Patient CareThe Benefits and Barriers to Patient-directed Care

Excerpted (pp. 126-128) from, Understanding Healthcare: A Historical Perspective, by Kenneth A. Fisher, M.D.  (www.freedominhealthcare.org)

Proving that markets do work in healthcare in this country is the spectacular growth of health savings accounts along with high deductible insurance. With these accounts patients use tax-free dollars for their routine healthcare needs as they shop for the best value, using their insurance only for big-ticket items.

Instead for a vast majority of Americans with our present price- fixed, pre-paid, government dominated, third party healthcare system we have:

1) perverse incentives that encourage excess treatments that plague our system, especially Medicare

2) excessive costs

3) inferior service

4) a mistake-prone system

5) no incentives to control costs and increase efficiency

6) neglecting other critical societal needs

7) extreme complexity

8) many left with no or inadequate insurance.

Change to mostly patient directed care will be difficult for many to accept.  The Congress has been at the center of health care for over 50 years giving their members relevance, various talking points, the center of a great deal of lobbying activity and access to considerable campaign financing.  Other major players such as health insurance companies, the pharmaceutical industry and “certified” electronic health record providers have been extremely successful lobbying for great economic advantage in this government centered, price-controlled system.  Established physician organizations have become convinced that our government is the source of physician income and thus tout the government line.  The academic “experts” who testify before Congress have built their careers becoming well versed in the intricacies of our convoluted government controlled system.  All these entities will find it difficult to change to a patient-centered health care system regardless of its logic, better care and less cost.

It is in the interest of our society for each member to be as healthy and productive as possible.  This can happen only if every citizen has the possibility of having excellent up-to-the-minute health care—and the cornerstone of such care is an active therapeutic relationship with a skillful, knowledgeable, compassionate physician. Our task is to create a system whereby every American has an equal opportunity to have this type of healing relationship, thereby maximizing health while at the same time conserving resources.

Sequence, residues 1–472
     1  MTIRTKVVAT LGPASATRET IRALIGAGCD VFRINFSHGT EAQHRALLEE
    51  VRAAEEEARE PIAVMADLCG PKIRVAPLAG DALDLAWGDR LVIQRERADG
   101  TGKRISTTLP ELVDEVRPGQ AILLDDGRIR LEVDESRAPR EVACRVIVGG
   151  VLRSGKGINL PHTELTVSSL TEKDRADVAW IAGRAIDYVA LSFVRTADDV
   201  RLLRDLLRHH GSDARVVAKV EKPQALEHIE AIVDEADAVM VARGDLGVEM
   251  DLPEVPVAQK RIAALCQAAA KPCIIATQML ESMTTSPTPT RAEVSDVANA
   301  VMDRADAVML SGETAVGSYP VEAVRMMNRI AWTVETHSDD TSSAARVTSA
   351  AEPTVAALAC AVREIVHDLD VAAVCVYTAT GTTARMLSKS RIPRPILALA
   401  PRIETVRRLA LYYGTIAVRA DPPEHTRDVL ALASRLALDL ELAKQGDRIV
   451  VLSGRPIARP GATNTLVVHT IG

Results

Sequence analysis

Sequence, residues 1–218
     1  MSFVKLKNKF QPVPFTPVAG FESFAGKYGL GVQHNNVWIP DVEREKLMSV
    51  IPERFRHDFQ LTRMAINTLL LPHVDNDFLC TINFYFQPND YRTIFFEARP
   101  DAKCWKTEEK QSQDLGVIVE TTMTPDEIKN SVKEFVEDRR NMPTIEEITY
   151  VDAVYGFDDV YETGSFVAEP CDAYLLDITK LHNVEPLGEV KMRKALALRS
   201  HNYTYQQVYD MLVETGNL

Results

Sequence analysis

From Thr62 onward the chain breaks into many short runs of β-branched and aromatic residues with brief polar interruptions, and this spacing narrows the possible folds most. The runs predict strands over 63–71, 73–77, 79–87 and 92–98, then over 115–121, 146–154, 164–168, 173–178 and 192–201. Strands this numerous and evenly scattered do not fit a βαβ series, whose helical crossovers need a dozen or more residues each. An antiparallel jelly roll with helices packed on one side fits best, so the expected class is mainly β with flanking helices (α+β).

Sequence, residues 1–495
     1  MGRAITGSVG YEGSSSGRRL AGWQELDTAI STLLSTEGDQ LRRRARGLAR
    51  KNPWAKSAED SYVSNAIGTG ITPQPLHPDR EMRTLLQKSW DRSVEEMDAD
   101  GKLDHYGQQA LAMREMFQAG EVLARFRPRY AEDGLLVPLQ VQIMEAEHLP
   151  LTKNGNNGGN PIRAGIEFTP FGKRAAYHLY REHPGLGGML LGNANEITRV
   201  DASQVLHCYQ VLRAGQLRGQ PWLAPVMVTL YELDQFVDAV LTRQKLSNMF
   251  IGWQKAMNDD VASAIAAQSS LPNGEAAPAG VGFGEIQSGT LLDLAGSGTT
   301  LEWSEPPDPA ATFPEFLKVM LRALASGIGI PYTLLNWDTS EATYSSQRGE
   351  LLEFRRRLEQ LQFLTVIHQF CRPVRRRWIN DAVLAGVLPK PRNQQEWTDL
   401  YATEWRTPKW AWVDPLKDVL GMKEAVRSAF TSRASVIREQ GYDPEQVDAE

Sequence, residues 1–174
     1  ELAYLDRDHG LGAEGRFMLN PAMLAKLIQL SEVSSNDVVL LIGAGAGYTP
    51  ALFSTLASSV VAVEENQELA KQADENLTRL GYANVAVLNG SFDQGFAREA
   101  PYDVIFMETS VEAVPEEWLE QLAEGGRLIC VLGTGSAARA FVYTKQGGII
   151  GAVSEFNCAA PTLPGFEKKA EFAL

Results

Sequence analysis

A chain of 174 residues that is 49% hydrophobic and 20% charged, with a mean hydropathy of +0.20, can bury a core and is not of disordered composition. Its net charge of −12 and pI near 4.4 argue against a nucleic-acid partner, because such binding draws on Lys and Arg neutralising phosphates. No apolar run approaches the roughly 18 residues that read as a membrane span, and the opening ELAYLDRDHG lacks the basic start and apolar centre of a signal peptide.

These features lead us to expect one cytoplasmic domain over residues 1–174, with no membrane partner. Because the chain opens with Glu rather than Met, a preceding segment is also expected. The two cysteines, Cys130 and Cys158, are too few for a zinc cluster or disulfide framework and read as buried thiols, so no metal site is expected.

We could have a healthcare system that offers equal and better care for all, as opposed to the present multi-tiered entity, with all of its attendant problems.

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Kenneth A. Fisher (MD)

Kenneth A. Fisher (MD)

Dr. Fisher graduated from Tufts University in 1962 majoring in chemical engineering, and with distinction from George Washington University School of Medicine in 1968 having been elected to the Alpha Omega Alpha honor medical society in his third year. He was a resident, and then chief resident in Internal Medicine at the Mount Sinai Hospital in New York City, and a fellow in Kidney Diseases at Yale University, finishing training in 1974. He was employed at a number of teaching medical centers throughout his career. He has been an insulin-requiring diabetic since 1963. Dr. Fisher has been the program director for two internal medicine residencies and two nephrology fellowships and has published several scientific papers on nephrology along with many articles and a chapter regarding health policy. Dr. Fisher was also a consultant nephrologist in Kalamazoo, Michigan and the Medical Director for the Free Clinic in Kalamazoo from 2007 till its closing in 2010. He is the author of In Defiance of Death: Exposing the Real Costs of End-of-Life Care, Praeger, Westport, Connecticut, 2008 (amazon.com/author/kennethafishermd), and The Ten Questions Walter Cronkite Would Have Asked About Health Care Reform, (2011) a free e-book available at: http://drkennethfisher.com/The10Questions.pdf along with this book, Understanding Healthcare: A Historical Perspective available: freedominhealthcare.org.

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